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CPA Activities: The Canadian SceneCPA Activities: The Canadian Scene


Commonwealth Youth Parliament

From November 6 to 10, 2016, the Legislative Assembly of British Columbia hosted the 8th Commonwealth Youth Parliament, the first time that this event has been held in Canada.

The Commonwealth Youth Parliament is an exciting annual program created to support young people in their development as potential future parliamentarians. Opportunities are provided for participants to learn about the fundamentals of parliamentary democracy, network with other young leaders, and apply their talents and experience in a parliamentary setting.

Fifty-two youth, aged 18 to 29, from 22 countries, and representing seven Commonwealth Parliamentary Association regions attended. Eleven Canadian delegates represented eight Canadian CPA branches. They were: Andriy Krugliak and Avery Roberge-Eadie (Alberta); Zoé Duhaime, Sheridan Hawes and Sky Losier (British Columbia); Mackenzie Taylor (New Brunswick); Josh Tordiff (Northwest Territories); Sheldon Paul (Ontario); Connor Mycroft (Prince Edward Island); Gabriel Laurence-Brook (Quebec); and Stefanie Panesar (House of Commons).

Six Commonwealth parliamentarians served as Mentors to the Youth Parliamentarians, including: Spencer Chandra Herbert, MLA, and Jodie Wickens, MLA, from the Legislative Assembly of British Columbia; Jessica Littlewood, MLA, Legislative Assembly of Alberta; Kate Forbes, MSP, Scottish Parliament; Adam Marshall, MP, New South Wales Legislative Assembly; and Chathura Sandeepa Senaratne, MP, Parliament of Sri Lanka.

Each Mentor was assigned to either the government or opposition to provide support and guidance. The Youth Parliamentarians appreciated the “wisdom and counsel” of the Mentors, noting that they were “fantastic” and “inspirational.” In addition to coaching the Youth Parliamentarians, the Mentors also participated on panel discussions, sharing their personal experiences on topics such as the role of a Member of Parliament; Question Period; the media; and campaign planning and the electoral process.

During House Proceedings, Youth Parliamentarians delivered statements introducing themselves and their home jurisdictions, and spoke about issues and events at the forefront of their minds. During heated and passionate Question Periods, the Opposition raised issues including health care, the environment, advanced education, relationships with indigenous peoples, and foreign affairs. The Youth Parliamentarians also introduced various Bills, and debated, proposed amendments to, and passed the Youth Apprenticeship and Internship Act.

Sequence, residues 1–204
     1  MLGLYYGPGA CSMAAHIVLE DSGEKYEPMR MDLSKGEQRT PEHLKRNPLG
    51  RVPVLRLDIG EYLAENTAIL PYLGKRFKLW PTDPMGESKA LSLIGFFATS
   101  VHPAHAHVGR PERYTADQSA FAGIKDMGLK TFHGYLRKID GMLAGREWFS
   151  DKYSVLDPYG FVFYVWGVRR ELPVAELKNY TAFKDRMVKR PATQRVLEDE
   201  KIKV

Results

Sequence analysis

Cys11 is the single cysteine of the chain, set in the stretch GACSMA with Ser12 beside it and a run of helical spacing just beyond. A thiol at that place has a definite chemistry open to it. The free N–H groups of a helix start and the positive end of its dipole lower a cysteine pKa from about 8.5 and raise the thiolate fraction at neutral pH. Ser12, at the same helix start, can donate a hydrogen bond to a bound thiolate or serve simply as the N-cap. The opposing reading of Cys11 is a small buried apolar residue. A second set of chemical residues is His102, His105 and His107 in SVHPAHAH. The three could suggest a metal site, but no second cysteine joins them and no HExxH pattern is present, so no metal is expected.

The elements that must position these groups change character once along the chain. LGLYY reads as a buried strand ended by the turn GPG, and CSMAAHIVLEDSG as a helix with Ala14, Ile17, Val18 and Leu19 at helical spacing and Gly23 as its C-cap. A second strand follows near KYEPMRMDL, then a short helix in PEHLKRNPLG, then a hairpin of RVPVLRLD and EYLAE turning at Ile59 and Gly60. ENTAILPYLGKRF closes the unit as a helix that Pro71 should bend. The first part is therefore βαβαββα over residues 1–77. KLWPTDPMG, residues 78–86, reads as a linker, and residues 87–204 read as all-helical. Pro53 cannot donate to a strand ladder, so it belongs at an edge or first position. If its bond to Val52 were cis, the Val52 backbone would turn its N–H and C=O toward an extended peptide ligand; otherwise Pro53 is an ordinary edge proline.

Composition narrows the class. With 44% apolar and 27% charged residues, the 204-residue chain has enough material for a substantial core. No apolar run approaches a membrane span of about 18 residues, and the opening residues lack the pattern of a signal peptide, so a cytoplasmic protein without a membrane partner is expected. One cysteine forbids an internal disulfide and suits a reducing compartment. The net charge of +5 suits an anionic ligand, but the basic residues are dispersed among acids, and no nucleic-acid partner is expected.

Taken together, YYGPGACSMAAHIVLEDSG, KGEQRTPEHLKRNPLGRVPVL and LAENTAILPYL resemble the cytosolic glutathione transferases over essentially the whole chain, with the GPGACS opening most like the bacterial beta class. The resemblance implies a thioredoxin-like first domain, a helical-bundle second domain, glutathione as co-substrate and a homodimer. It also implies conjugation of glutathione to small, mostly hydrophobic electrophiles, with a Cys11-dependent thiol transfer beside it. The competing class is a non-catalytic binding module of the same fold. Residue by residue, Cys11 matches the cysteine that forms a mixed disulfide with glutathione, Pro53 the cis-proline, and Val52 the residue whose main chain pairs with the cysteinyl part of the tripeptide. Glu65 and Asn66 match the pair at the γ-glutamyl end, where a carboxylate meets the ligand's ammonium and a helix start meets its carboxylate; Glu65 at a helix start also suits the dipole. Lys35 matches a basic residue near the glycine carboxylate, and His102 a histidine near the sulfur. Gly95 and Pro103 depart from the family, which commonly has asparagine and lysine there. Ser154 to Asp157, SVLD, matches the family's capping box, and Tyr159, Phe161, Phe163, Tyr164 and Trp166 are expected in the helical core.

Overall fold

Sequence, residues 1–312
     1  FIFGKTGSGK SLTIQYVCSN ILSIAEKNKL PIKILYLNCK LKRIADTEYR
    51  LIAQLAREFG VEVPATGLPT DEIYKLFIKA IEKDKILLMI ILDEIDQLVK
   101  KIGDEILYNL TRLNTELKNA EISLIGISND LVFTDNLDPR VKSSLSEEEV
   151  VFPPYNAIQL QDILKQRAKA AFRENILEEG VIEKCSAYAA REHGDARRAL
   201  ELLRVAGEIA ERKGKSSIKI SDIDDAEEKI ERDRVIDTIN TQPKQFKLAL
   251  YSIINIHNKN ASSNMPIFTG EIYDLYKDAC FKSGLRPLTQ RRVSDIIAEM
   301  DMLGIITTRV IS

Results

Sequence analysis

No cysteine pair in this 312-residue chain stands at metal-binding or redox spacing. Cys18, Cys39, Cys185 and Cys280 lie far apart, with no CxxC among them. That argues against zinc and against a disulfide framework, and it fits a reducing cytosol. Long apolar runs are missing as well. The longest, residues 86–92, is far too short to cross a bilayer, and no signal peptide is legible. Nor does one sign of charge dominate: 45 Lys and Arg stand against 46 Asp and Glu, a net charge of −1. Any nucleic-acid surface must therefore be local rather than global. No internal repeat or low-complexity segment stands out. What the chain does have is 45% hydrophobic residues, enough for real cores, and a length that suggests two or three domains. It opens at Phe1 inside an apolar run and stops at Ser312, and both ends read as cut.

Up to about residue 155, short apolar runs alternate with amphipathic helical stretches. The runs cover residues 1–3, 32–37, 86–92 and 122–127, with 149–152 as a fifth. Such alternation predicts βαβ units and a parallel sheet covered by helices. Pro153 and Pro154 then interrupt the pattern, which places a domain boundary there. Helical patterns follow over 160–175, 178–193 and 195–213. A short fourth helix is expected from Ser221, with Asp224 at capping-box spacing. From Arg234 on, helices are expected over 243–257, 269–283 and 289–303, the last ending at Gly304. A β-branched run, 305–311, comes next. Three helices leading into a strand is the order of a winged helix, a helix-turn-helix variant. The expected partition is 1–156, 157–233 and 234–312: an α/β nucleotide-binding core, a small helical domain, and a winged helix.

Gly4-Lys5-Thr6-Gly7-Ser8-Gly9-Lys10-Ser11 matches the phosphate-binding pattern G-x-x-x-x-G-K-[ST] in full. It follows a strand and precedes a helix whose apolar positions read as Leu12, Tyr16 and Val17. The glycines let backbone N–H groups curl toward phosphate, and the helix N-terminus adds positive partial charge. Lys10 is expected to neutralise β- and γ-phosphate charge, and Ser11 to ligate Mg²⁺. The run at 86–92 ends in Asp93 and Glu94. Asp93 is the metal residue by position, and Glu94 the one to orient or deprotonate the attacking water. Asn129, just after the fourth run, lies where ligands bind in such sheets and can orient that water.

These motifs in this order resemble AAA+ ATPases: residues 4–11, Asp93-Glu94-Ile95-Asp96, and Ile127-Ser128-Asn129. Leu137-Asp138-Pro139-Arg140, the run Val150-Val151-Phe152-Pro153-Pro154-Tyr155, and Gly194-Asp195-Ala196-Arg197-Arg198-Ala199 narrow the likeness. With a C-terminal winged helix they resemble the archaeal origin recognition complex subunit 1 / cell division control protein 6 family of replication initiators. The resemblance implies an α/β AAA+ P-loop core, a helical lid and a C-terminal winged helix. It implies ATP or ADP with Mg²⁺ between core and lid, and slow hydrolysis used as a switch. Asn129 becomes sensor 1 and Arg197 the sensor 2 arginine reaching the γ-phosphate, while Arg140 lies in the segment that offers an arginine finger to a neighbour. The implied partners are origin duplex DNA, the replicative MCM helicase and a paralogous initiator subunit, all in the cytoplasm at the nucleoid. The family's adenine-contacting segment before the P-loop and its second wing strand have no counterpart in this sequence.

A unique feature of this Commonwealth Youth Parliament was the representation of women in leadership roles. For the first time since this became an annual CPA program in 2012, both the Premier and Opposition Leader were women.

In her closing remarks, one Youth Parliamentarian, Rea Vanterpool from the British Virgin Islands, had this message for her fellow Youth Parliamentarians:

As I listened to the issues raised by fellow youth parliamentarians, from human rights violations to the neglect of aging populations, I was reminded of how different our life experiences are. Our diversity shows up not only in our parents or our culture but also through issues facing our jurisdictions. It is apparent in our personalities, our interests, our abilities and our weaknesses. When we truly celebrate all the ways that we are different, we can more fully appreciate how partnerships can bring about change.

The 9th Annual Commonwealth Youth Parliament will be hosted by the British Virgin Islands House of Assembly in 2017.


Canadian Parliamentary Review Cover
Vol 39 no 4
2016






Last Updated: 2017-08-03